Time for farmers to engage with urban New Zealand
OPINION: The election campaign might be over but some of the important issues raised are not going to go away unless we as a nation address them.
Debates of importance are debates worth having and they include concerns raised by the public about this country's farming practices.
By proxy, these concerns reflect those of our customers in our export markets.
Debate so far over the Labour Party's proposed Water Tax highlights a lack of understanding – or appreciation – of each side's views, values and vision for New Zealand's future.
I would suggest that we all want the same thing – a clean and healthy environment and strong economy for ourselves and future generations.
The challenge is how we go about realising that vision - and that goes well beyond three-year election cycles.
New Zealand is unusual in that it is one of the most urbanised countries in the world yet our economy is very reliant on what we produce off the land.
Primary production is what we are good at. Our climate allows us to operate grass-based, outdoor farming systems, and thanks to the removal of subsidies in the 1980s, farmers are very efficient at producing, meat, milk, wool and crops – the vast majority of which are exported.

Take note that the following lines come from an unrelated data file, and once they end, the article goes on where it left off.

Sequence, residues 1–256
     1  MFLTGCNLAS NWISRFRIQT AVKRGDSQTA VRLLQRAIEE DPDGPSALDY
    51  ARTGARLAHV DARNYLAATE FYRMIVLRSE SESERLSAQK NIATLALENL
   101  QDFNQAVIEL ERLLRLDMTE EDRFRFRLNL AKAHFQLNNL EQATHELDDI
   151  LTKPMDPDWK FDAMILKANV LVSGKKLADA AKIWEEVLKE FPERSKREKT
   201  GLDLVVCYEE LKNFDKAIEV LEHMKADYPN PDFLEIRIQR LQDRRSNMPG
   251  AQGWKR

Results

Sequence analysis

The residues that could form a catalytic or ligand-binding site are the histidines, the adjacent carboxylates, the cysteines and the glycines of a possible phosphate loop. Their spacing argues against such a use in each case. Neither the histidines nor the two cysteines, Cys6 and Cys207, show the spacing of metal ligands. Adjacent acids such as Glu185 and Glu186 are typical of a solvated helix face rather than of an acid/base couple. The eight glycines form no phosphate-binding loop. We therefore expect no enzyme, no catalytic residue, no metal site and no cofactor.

What farmers have not been good at is engaging with NZ's urban majority so that they truly understand the issues.
We have got some great stories to tell about what farmers are doing to protect and enhance the environment and the investment we are making in programmes such as the Greenhouse Gas Research Consortium, which aims to reduce agriculture's methane emissions.
We also need to explain why we do what we do such as why centre-pivots are a much more effective and efficient way to apply water than border-dyke irrigation.
We need to explain how farmers use technology to ensure they are minimising their inputs and maximising their outputs, why farming to the highest standards of animal welfare is simply good business irrespective of legal requirements and why environmental protection is at the heart of everything we do.
Beef + Lamb New Zealand's market development team tell us that consumers are not just talking about food produced with a minimal environmental footprint - they are now talking about environmental enhancement.
They want assurances that the animal protein they consume is produced to the highest possible standards of animal welfare.
Farmers in this country are fortunate that they tick so many boxes already. They don't need to change their management practices to meet consumer demand, they just need to validate their claims to the market and the NZ public.
The Red Meat Profit Partnership-developed National Farm Assurance Programme will do exactly that and for farmers, will put an end to the multiple farm audits they need to undertake to supply different markets or processors.
While we focus on our overseas consumers, we cannot ignore our urban majority.
They are the ones that will ensure we have a social licence to farm into the future. Let's get better at engaging with the wider public, opening our farms and telling our stories. We have a lot to be proud of.
- Andrew Morrison is the southern South Island director for Beef + Lamb New Zealand